It's the new thing
5 July 1996
26 September 1995
1 July 1997
9 September 1997
26 October 2007
1 February 2013
They researched, they wrote, they slept in sleeping bags - Guy Fitzmaurice on the men behind the latest in textbooks
Catching up on those exam papers that you didn't pass first time around can be a problem but that's where part-time study comes in, explains Mick Kavanagh
It sounds like the plot for an Eighties mini series: two law students meet by chance during a college fire drill, get chatting, discover they've both been thinking over ideas for the ideal legal textbook, write it and then find they've got a sure-fire winner.
Yet there's nothing fictional about this rags to riches-style tale. Last year Gerald Montagu, a trainee at Macfarlanes, and Allen & Overy trainee Mark Weston wrote Legal Practice Companion - the kind of textbook they would liked to have had with them on the LPC.
"We wanted to produce a bridge from school to practice," says Weston. "On the course, we amassed piles of paper and umpteen resource books. The question was, if we wanted a quick aide-memoire when we started practice, what would we use?"
Their book's appeal is that it avoids the dense approach of conventional resource books.
"We thought dealing with case studies would be much easier if you could see at a glance how an area of law works," says Montagu. "Once you understand that, you can use your skills properly by using practitioner's works."
The layout of the Legal Practice Companion is admirably clear, but any student hoping for an "LPC in five easy stages" will be disappointed. As Weston explains: "The book presupposes you've a certain level of knowledge, and that you've gone to teaching sessions and had things explained to you."
The Companion is currently more up-to-date than any other textbook. "The Landlord and Tenant Covenants Act only received the Royal Assent on 19 July last year but we managed to include it," says Weston.
The book is selling well, nearly 3,000 copies have been snapped up. Yet, despite its success, there were problems for the two in putting it together.
They nearly lost all of their work when a disk drive broke down. And at one stage, relates Montagu, the two authors were working such late hours that they were given permission by Macfarlanes to take sleeping bags into the office so that they could be closer to their work.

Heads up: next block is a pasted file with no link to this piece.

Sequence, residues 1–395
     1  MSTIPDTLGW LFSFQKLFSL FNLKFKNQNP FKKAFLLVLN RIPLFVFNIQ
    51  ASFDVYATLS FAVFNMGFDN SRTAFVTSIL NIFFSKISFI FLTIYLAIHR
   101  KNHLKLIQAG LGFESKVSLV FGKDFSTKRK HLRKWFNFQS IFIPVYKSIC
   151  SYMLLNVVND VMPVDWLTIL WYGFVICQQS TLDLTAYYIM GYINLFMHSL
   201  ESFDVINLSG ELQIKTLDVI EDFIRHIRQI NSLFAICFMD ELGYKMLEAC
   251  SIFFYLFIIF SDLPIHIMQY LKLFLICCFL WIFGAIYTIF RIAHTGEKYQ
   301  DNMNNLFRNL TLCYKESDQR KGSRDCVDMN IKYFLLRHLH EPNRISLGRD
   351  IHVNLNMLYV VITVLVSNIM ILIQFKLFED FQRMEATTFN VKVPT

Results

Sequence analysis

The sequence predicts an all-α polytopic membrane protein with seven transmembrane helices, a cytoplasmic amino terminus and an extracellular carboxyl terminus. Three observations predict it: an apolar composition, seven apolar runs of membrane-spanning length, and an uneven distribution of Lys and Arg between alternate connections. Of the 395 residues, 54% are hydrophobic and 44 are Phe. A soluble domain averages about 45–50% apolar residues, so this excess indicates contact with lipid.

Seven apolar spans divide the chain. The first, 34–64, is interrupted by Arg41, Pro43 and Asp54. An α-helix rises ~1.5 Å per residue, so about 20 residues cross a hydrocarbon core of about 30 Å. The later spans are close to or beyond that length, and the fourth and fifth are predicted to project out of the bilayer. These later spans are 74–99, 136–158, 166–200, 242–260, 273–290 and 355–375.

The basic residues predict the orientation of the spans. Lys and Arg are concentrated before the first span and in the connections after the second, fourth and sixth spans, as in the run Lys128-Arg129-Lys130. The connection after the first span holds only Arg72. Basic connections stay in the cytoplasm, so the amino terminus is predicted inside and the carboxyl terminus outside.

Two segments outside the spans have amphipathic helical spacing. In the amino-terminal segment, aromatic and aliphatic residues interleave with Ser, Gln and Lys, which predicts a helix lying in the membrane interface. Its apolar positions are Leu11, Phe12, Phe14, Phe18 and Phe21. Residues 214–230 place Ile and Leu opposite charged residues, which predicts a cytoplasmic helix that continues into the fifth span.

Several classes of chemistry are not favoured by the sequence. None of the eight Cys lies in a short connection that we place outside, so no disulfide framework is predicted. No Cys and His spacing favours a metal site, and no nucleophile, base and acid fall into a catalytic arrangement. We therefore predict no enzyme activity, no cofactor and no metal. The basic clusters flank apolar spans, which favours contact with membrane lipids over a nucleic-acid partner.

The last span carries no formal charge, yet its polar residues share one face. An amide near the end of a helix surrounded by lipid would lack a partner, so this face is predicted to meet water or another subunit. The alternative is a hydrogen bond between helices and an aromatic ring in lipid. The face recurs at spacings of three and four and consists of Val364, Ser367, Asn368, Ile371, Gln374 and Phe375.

Feedback from students and practitioners alike has been very positive. "Practitioners find the book useful for getting a general feel when an area of law is unfamiliar to them," says Montagu. "But the book is not detailed enough for them to rely on."
He adds: "As a trainee, it can be very helpful when you move to a new department and things are not fresh in your mind.
"There can be up to a two-year gap from when you are examined in a topic on the LPC to when you first use it in practice. With the best will in the world, you can't be expected to retain everything."
Already the authors are considering the book's future. "If demand is strong enough, we may produce two editions - one for practitioners and one for students," says Weston, who is also debating the idea of a version on CD-ROM.
The authors are well aware that the Law Society is conducting a review on the future of LPC, and have a few ideas of their own. "The LPC addressed many of the problems of the Law Society Finals and all that rote-based learning. But the question now is, have we gone too far in the opposite direction?" asks Montagu.
They believe that there is too much emphasis on skills and not enough on black letter law. They point out that students coming to the course will have already done a three-year law degree or CPE, and reason that "if you haven't learned to assimilate large amounts of complex information by then, you're not going to on the LPC".
They are also concerned about the course's expense, and ask whether students and firms are getting value for money.
Montagu would like to see the majority of PSC work taught on the LPC: "It pulls you out of work and is terribly disruptive in practice."
If Montagu and Weston have one criticism of the LPC, it is that there is too much reliance on the resource books. "You are very rarely told to go back to primary sources and the books do not always give references," they say. "But as a practitioner, you have to check primary sources. Legal research is taught but it is not applied consistently throughout the course."
They hope their book will be revised annually and that the second edition is out in time for the new academic year.